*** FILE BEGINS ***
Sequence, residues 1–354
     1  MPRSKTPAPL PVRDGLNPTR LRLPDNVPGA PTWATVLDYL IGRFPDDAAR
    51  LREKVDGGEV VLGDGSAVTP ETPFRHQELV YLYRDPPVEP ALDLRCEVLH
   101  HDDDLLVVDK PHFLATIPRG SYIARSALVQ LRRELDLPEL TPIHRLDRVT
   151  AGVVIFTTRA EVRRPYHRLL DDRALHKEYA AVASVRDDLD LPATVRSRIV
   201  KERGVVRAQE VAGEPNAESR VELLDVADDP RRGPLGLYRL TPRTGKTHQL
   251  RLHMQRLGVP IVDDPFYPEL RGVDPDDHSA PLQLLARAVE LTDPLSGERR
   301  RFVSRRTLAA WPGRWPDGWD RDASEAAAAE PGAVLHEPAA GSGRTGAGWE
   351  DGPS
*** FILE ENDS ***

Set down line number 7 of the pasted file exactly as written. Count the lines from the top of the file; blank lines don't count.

   251  RLHMQRLGVP IVDDPFYPEL RGVDPDDHSA PLQLLARAVE LTDPLSGERR